Every shotgun microphone comes with a basic foam windscreen, but this isn't enough protection for outdoor use. Purchasing additional heavy-duty wind protection is critically important. Even a gentle breeze on a calm day will distort the audio that an under-protected shotgun microphone picks up. There are many names for different kinds of wind protection: wind jammers, softies, dead cats, smoothies, blimps, zeppelins, etc. When you’re estimating the budget of a complete shotgun microphone rig, it’s strongly advised that you factor in the cost of buying proper wind protection.
Some (but not all) shotgun microphones will feature a miniature switch or two. On professional shotgun microphones the switches are almost always recessed into the cylindrical body of the mic. The switches on consumer shotgun microphones aren’t always recessed, and are sometimes found on the rear or base of the microphone.
The most common switch on a shotgun mic is a filter. The filter is sometimes referred to as a “High Pass Filter” or a “Low Cut” switch. These are both the same thing. When this switch is engaged, the activated filter will remove low frequencies from the audio that the mic outputs. Low frequencies are often undesirable, and they’re usually unnecessary for dialog.
A shotgun microphone will pick up more low frequencies than you can hear in any given location. For example, a shotgun will sometimes capture the rumble of distant vehicles, and unnaturally deep sounding footsteps. These sounds can be really distracting to a viewer on normal speakers, and the subwoofers in surround sound systems make it far worse. That’s why it’s usually a good idea to engage the low cut filter if your shotgun mic features one.
Another common switch is a “pad.” A pad simply makes a microphone less sensitive to loud noises (or in layman’s terms, it turns down the volume of the mic). If you’re using a shotgun microphone in a noisy location such as an active factory or a live band performance, it’s usually a good idea to engage the pad switch. You just need to be mindful to disengage it when the loud noises stop; otherwise the output of the microphone will be unnecessarily low.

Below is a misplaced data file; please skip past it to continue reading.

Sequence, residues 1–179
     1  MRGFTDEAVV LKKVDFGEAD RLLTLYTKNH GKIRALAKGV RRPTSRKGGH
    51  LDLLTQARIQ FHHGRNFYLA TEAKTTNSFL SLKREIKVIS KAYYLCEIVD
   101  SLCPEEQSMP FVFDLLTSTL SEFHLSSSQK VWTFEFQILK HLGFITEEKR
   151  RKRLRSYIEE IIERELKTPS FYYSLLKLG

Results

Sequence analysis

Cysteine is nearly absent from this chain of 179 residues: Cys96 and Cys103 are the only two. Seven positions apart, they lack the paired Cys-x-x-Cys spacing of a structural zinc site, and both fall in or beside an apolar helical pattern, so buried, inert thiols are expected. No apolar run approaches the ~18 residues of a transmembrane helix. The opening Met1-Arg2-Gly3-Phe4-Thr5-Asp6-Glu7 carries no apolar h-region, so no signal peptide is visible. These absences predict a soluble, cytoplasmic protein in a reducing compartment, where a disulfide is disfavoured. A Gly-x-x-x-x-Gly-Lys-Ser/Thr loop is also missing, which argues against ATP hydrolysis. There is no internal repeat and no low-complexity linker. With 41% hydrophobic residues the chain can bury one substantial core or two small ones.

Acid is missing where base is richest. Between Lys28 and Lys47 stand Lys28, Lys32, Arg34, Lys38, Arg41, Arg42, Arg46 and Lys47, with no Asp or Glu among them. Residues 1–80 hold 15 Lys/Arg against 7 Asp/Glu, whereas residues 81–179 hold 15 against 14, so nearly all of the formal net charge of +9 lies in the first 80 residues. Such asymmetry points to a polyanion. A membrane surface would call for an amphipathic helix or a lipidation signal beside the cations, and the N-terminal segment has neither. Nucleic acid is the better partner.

A few shotgun microphones give you the option to increase the sensitivity of the mic (or in layman’s terms, turn up the volume of the mic). This can be useful if you’re using the shotgun in a really quiet location, where distant sounds are barely audible. You’re more likely to capture quiet sounds if you can boost the sensitivity of the mic.
If the camera or recording device that you’re plugging into allows you to turn down the input level manually, boosting the sensitivity of the shotgun microphone can sometimes help you capture better-sounding audio. The quality of sound that you achieve with any given microphone is partially dependent on how good sounding the “microphone preamp” is on the device that you’re plugged into. A mic preamp is just a small amplifier that raises the soft mic-level signal coming out of the mic up to line level so it can be properly recorded. For example, if the camera you’re plugging into has a noisy, low-quality mic preamp, you may get a better sound if you turn down the input level in the camera manually and engage the sensitivity boost switch on the shotgun mic.
The trite phrase, “you get what you pay for” applies to shotgun microphones as well. Better-quality shotgun microphones will be put through more rigorous testing during their design phase, made with higher-quality materials and components, and subjected to strict quality-control testing before they are sold. Shotgun microphones are often used in the field, so they have to be durable, especially since the term “in the field” could be anywhere from the Sahara Desert to the Arctic Pole.
While construction and durability are major factors, the attribute that always makes one shotgun microphone more desirable than another is how good it sounds. The better sounding the mic, the more expensive it is likely to be.